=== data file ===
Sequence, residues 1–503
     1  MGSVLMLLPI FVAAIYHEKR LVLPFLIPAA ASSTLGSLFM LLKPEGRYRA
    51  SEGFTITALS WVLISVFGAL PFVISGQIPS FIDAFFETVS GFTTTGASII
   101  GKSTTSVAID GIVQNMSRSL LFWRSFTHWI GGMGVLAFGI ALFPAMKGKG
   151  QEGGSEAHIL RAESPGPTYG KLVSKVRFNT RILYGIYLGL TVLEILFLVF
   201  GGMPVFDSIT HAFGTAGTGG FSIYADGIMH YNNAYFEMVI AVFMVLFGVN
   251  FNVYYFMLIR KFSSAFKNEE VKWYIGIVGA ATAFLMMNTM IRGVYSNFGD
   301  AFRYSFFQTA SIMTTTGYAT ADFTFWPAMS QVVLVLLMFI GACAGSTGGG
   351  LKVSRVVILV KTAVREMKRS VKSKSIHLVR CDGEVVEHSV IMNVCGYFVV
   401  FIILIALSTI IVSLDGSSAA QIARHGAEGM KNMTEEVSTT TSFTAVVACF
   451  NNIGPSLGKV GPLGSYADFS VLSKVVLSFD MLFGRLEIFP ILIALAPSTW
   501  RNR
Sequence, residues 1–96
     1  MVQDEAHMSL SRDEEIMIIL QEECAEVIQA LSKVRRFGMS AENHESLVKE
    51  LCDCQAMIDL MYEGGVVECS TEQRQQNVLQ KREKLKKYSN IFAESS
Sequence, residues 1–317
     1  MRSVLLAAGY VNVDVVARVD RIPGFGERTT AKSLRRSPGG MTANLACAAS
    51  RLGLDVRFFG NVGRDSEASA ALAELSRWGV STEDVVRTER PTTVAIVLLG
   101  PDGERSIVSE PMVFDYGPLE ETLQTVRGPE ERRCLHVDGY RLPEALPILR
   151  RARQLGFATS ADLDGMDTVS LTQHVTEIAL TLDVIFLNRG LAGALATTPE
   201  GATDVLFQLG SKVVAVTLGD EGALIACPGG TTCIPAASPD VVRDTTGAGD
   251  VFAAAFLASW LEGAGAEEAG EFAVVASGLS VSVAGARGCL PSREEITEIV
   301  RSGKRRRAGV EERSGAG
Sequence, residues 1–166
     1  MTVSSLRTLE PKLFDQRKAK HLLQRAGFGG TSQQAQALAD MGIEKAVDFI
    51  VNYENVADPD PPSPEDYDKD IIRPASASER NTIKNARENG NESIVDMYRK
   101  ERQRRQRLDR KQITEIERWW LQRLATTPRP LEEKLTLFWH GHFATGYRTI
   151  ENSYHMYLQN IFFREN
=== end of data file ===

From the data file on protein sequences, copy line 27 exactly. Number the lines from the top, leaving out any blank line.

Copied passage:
   101  ERQRRQRLDR KQITEIERWW LQRLATTPRP LEEKLTLFWH GHFATGYRTI